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The greatest challenge facing young graduates trying to enter the world of work is their lack of experience.
Employers, faced with many applicants for the jobs they advertise, tend to opt for those they believe will be able to add value straight away and the only way they can recognise them is through a record of work experience.
It is possible to get the required experience, and to build a record of reliability and competence through taking on work while studying.
That’s the word from Brendan Powell, general manager of Studentwise, a staffing organisation that specialises in below-the-line activations and experiential media and placing tertiary students in related work opportunities for short periods.
“We believe a ‘foot in the door’ is what’s required for new graduates. Vacation work has always been part of studying, but those sorts of jobs are disappearing as the world of work changes.
“The answer lies in taking on flexible work opportunities as and when they arise,” he says.
That’s where organisations such as Studentwise come in.
It has been sending groups of students into all sorts of marketing and promotion jobs for several years, giving them a chance to earn some money and, at the same time to build a CV.
“It’s often more valuable to have a CV that shows a range of activities coming out of your student years,” Powell says.
“If the work done is relevant to the student’s career direction it’s even better, but no experience is wasted and the softer workplace skills learnt in the process are invaluable.”
Studentwise tries to place students in relevant areas where possible. For example, food services students are sent to do food demos in stores or work as waiters, and financial students are sent to help with audits and stocktaking.
“We only use students at tertiary institutions,” Powell says.
“By being there, they have demonstrated a level of intellectual ability and by coming to us they have shown a willingness to work. Students generally have the ability to think on their feet, to troubleshoot and to handle long hours.”
Every employee undergoes an orientation programme, and each assignment is preceded by intensive, job-specific training.
“In all of this the generic skills of work ethic and customer service are stressed.
“Those are valuable skills, no matter where you eventually end up working,” Powell says.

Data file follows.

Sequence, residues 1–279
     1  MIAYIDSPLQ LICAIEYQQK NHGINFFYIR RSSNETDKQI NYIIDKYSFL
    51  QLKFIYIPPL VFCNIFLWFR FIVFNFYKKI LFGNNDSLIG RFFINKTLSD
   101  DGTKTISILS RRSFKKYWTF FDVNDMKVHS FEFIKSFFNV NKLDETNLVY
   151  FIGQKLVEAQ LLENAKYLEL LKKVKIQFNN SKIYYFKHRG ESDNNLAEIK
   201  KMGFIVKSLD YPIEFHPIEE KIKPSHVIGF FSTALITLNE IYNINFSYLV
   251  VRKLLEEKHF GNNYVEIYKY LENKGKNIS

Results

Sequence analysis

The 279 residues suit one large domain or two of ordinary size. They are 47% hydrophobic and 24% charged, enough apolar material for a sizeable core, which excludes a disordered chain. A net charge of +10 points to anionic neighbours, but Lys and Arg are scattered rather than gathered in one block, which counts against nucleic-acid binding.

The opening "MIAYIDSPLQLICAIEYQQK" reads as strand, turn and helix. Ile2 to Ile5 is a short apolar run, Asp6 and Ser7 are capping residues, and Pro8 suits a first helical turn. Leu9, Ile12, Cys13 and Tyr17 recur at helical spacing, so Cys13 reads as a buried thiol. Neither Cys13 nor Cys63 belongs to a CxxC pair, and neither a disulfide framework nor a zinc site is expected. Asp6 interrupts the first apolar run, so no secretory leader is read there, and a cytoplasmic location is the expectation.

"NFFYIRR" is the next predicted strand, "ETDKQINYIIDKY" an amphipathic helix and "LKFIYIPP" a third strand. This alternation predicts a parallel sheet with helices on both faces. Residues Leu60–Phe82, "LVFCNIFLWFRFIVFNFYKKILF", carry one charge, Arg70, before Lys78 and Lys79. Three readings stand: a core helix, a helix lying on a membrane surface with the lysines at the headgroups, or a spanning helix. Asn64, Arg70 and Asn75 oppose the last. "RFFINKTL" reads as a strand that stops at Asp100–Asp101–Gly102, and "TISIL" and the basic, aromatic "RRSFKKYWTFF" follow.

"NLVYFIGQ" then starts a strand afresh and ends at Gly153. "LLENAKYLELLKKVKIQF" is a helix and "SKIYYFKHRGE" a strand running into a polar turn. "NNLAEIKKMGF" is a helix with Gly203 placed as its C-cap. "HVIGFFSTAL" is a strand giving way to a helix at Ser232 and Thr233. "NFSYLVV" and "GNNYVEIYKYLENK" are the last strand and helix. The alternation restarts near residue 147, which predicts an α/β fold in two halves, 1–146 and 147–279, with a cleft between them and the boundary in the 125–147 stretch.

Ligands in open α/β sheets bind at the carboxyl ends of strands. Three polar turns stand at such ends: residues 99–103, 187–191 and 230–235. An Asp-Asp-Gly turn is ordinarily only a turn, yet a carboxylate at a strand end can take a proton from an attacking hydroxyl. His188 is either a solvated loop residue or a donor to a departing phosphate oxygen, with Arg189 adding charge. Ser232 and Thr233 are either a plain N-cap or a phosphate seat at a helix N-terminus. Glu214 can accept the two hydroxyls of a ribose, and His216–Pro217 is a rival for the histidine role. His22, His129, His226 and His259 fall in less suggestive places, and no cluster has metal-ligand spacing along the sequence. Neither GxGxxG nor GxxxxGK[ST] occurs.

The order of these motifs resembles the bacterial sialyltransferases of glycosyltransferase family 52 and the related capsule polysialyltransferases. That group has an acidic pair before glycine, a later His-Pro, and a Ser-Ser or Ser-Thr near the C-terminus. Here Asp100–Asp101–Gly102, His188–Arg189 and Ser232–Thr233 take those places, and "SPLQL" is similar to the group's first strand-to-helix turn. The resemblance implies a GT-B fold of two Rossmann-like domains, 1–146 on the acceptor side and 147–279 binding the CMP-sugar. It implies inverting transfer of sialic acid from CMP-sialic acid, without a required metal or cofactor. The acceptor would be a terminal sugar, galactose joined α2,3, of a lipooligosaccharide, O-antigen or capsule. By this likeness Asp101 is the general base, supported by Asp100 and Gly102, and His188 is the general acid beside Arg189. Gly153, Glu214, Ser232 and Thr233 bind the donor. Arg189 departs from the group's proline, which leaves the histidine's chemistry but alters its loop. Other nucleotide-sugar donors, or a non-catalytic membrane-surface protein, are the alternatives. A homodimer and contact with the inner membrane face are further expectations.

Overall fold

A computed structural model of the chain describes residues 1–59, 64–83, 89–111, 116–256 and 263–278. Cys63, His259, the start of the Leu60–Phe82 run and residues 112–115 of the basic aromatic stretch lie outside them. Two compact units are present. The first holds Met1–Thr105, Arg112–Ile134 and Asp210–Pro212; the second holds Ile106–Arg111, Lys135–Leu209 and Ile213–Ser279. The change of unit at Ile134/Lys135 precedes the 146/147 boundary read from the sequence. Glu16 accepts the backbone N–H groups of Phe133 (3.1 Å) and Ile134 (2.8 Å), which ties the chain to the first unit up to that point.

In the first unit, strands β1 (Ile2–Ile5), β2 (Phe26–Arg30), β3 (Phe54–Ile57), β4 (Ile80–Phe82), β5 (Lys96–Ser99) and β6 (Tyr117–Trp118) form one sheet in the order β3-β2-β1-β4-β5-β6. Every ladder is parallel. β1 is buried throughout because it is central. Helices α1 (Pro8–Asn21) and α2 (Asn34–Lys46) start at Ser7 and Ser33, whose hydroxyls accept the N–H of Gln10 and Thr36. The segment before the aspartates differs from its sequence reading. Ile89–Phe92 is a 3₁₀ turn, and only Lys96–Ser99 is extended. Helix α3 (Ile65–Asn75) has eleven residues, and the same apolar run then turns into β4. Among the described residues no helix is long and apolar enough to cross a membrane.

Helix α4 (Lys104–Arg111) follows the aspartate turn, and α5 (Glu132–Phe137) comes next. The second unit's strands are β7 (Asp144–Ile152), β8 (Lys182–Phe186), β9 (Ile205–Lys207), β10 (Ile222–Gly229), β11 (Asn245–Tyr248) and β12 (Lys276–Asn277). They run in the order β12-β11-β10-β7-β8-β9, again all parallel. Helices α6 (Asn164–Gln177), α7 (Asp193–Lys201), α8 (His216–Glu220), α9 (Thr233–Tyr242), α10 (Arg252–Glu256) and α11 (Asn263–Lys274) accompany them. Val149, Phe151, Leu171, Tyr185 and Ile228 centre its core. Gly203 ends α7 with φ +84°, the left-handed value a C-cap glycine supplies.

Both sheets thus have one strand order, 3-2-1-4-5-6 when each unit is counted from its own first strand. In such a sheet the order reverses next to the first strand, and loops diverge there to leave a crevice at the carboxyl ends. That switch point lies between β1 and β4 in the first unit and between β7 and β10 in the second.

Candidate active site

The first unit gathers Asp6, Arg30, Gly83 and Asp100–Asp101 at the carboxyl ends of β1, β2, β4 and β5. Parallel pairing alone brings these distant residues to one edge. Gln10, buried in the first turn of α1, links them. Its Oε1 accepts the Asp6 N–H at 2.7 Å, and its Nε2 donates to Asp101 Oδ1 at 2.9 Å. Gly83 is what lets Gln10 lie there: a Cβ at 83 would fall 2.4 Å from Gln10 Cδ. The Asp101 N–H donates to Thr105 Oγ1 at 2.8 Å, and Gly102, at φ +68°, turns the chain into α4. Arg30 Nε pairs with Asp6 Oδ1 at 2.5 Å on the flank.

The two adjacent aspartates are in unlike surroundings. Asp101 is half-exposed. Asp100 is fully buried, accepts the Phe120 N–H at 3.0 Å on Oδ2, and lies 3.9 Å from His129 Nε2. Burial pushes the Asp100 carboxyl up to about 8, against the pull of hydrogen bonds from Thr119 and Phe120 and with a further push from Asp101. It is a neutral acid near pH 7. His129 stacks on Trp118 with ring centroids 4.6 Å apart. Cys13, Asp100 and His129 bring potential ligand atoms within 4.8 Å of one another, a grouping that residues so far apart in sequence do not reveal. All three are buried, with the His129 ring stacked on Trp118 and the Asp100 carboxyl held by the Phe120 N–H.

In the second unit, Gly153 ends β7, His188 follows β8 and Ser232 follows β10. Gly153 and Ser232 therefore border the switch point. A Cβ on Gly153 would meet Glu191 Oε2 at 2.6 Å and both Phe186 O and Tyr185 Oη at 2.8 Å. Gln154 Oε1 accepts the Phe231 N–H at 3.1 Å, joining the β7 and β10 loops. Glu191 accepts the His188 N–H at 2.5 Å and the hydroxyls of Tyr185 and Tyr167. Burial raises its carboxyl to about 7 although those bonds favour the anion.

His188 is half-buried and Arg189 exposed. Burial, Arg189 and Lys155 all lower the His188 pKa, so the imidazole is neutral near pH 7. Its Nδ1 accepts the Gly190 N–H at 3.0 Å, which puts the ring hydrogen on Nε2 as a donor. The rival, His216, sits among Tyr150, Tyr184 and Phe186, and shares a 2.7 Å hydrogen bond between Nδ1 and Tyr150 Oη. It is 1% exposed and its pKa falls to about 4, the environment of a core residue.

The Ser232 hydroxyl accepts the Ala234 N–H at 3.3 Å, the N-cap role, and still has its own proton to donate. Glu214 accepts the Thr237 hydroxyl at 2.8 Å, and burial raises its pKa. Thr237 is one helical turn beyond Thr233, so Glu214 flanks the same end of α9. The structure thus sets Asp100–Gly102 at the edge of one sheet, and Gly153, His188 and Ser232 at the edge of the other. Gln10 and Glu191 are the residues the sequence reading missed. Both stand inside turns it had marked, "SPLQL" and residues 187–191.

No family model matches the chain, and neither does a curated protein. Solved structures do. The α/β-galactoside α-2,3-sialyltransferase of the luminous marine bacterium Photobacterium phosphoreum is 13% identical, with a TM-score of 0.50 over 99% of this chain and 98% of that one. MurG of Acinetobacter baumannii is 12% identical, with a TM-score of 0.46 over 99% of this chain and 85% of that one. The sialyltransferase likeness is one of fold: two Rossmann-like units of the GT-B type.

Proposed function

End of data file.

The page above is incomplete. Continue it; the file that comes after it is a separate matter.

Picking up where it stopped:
Last year, Studentwise sent 5 500 students out on 27 000 tasks ranging in duration from an hour or two to four months.
“Many of them were brand activation events, so it’s important that the students we use represent the particular brand responsibly,” Powell says.
“That’s the risk the client takes, and the responsibility we take on. In the process, the students learn about brands and branding – skills that will help them in the workplace.
Apart from the service provided to the students, there is an added advantage to Isilumko, Studentwise’s parent company, Powell says.
“Isilumko is a placement company and we, in a way, test-drive potential candidates for them.
“The first prize for us is to identify potential talent in a student, employ him or her on various assignments during the four years of study, and then to employ them full-time, or to place them with one of Isilumko’s clients, at the end of that period.”
As far as compliance with labour legislation is concerned, Powell says the students generally work less than the statutory number of hours required to meet the definition of being employees.
“We are service providers rather than employers in the labour broking sense. We engage staff for individual projects and manage them on site.
“Beyond that, we try to be decent employers by providing training and support, and pride ourselves on paying for assignments immediately on completion – something that’s important to students.”
Powell believes their competitive advantage lies in the quality of the people they send to clients.
“We try to get as many students as possible to keep coming back to us, build relationships and to continually improve.
“That way we can best serve our clients and, more importantly help the students get that all-important foot in the door at the end of the process.”
l For more information visit www.isilumko.com/media